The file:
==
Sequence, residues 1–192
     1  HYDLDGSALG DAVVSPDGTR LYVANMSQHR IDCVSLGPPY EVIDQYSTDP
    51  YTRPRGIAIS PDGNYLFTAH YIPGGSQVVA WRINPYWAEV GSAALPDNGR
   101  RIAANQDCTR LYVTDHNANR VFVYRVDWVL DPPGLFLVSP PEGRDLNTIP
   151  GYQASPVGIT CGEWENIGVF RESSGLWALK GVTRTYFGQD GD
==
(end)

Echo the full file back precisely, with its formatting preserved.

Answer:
Sequence, residues 1–192
     1  HYDLDGSALG DAVVSPDGTR LYVANMSQHR IDCVSLGPPY EVIDQYSTDP
    51  YTRPRGIAIS PDGNYLFTAH YIPGGSQVVA WRINPYWAEV GSAALPDNGR
   101  RIAANQDCTR LYVTDHNANR VFVYRVDWVL DPPGLFLVSP PEGRDLNTIP
   151  GYQASPVGIT CGEWENIGVF RESSGLWALK GVTRTYFGQD GD